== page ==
D. Libeskind, Micromega, 1981. One of the greatest architectural line drawings.

D. Libeskind, Micromegas, 1981. One of the greatest architectural drawings in line.

Even though I am best known for my drawings, and have spent many years as a teacher of architects, I have never taught drawing. The reason is that each person who wants to draw should devise his or her own way. It makes no sense to teach a method or style of drawing, because drawing is a way of thinking, and it would be wrong to didactically teach a method or style of thinking. Each person must learn from the drawers—and the thinkers—who appeal most to them, and then devise their own ways. Originality—in drawing and thinking—is important, for the same reasons that individuality in all matters of existence is important: it confirms the wonder, and the terror, of the human condition.

 Essentially, each of us is alone. Biologically and psychically we are not only separate from other living things, but also from others of our kind. We cannot feel or think what another person feels or thinks, nor can they know exactly our feelings or thoughts. Because we are social creatures and dependent upon each other, we spend much of our time and energy trying to communicate our thoughts and feelings, and also to understand, as deeply as possible, those of others. It is a uniquely human task and one that requires all our intellectual effort, emotional commitment, and expressive skills. Spoken and written languages are the foremost of these, but drawing—in all its variants—runs a close second. Indeed, as we know, there are ideas and feelings that can only be expressed in drawn form. We might imagine, if we look at the caves of Lascaux, that drawing came before writing and was, in its narrative making of marks, its source.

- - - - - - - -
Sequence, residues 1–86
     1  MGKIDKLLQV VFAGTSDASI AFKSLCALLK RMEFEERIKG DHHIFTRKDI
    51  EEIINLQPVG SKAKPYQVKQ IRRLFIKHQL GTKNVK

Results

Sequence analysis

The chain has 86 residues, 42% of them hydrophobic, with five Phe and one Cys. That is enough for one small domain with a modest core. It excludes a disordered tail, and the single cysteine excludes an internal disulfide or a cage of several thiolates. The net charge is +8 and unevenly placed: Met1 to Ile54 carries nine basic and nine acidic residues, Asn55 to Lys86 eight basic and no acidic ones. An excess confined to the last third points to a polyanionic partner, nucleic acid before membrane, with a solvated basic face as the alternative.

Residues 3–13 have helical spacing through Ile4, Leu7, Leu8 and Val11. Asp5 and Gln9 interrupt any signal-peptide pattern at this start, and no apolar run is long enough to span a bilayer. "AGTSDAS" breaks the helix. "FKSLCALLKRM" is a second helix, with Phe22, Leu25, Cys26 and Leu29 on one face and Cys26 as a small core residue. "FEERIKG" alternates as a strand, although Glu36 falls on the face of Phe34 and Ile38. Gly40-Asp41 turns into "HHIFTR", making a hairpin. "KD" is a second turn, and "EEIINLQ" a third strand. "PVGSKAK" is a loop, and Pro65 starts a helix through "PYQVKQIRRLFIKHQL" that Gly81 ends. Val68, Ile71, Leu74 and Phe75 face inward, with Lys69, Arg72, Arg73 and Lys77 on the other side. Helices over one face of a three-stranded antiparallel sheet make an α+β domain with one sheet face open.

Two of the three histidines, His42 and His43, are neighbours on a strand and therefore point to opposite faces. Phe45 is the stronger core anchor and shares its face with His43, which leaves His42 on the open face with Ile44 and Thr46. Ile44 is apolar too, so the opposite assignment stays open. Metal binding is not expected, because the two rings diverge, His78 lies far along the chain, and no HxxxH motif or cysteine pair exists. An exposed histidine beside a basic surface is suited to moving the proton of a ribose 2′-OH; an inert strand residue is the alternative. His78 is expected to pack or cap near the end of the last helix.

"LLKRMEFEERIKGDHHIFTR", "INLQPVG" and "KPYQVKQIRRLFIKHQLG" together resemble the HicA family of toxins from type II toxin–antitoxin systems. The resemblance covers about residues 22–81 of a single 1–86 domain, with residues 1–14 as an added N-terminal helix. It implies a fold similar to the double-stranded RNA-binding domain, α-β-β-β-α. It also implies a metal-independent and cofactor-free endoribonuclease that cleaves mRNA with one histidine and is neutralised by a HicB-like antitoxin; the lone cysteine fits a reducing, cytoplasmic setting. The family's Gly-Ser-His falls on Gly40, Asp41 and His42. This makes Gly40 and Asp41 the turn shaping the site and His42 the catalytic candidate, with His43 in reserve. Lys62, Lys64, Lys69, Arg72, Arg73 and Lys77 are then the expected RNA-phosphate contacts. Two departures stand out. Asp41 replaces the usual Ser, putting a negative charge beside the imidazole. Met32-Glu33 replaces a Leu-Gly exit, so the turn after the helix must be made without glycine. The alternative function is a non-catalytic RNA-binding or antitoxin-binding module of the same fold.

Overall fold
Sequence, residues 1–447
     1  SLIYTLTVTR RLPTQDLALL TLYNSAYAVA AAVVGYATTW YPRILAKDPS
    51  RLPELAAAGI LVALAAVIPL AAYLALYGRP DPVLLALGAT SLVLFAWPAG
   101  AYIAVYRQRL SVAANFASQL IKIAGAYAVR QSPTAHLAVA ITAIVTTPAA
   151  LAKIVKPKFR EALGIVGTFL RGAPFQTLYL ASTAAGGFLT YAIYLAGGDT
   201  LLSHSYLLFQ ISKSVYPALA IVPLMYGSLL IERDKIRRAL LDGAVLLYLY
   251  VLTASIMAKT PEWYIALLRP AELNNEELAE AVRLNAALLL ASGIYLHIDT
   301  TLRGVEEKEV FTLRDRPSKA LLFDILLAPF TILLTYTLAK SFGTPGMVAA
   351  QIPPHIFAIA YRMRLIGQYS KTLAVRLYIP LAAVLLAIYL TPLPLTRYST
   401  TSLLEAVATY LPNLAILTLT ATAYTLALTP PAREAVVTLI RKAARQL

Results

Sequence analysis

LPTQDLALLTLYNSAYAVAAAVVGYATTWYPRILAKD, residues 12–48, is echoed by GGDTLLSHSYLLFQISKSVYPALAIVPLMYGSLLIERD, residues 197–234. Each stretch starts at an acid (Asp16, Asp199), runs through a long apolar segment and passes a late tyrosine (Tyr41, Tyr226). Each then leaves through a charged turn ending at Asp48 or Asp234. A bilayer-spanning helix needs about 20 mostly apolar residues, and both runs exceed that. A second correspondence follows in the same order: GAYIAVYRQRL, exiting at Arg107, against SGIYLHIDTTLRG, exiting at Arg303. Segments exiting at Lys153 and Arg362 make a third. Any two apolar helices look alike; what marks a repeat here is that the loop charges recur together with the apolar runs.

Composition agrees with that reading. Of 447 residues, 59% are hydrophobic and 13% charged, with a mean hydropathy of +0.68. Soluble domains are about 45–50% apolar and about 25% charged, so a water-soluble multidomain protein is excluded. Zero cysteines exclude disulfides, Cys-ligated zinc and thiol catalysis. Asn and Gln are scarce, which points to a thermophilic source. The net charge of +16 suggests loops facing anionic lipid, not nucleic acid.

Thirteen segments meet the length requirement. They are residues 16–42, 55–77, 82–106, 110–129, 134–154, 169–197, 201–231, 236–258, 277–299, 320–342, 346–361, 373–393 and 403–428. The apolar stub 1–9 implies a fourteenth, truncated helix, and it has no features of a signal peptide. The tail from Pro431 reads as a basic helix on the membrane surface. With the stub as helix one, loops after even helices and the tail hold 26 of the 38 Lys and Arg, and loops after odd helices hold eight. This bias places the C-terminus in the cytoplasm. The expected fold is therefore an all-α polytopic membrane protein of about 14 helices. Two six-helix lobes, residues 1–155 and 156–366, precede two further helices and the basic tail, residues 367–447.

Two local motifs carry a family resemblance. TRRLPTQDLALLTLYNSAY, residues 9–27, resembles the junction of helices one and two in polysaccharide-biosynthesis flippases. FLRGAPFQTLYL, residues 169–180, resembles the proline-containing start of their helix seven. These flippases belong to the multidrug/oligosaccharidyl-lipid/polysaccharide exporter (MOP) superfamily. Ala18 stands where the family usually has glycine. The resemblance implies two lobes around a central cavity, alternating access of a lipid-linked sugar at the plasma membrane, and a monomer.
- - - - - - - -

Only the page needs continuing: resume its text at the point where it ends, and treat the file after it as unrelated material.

When very young, let’s say in my late teens and twenties, I had a fierce desire to communicate my thoughts and feelings through drawing. In high school I had some mechanical drawing courses, where I learned to use t-square and triangles, but little else. For inspiration, I had to look in magazines and art books. I was tremendously moved by the etchings of Francisco Goya, the drawings of Peter Brueghel, the ink and watercolor drawings of Paul Klee. And, of course, the drawings of Michelangelo Buonarotti and Leonardo Da Vinci. Each artist conveyed something different in their work, something that resonated with my own sensibility, but did not sum it up. Different as these artists were, they all had one thing in common: a mastery of line.

 What I mean by ‘line’ is exactly that: a single mark, short or long, drawn with a pen, pencil, stylus, or any sharply pointed instrument that is held in the hand and commanded by it, in coordination with the brain, to inscribe on paper, tablet, plate, or any chosen surface exactly that mark and not another.

 This last qualification is important. When rubbing a piece of charcoal, pastel, or blunt pencil on a surface, one accepts (even hopes for) a certain degree of approximation, even of accident. The resulting tone is, from an analytical point of view, vague, when compared with line. Line is precise and unequivocal. It is here, not there. Making a line is not about accidents. Rather, it is about contour, edge, shape. It is about where one space begins and another ends. It can be spontaneous or studiously deliberate, but it always carves space in a decisive way. It has a clear ethical, as well as aesthetic, impact. The drawn line is one of the great human inventions, and it is available to all of us, a tool both common and esoteric, personal and universal.



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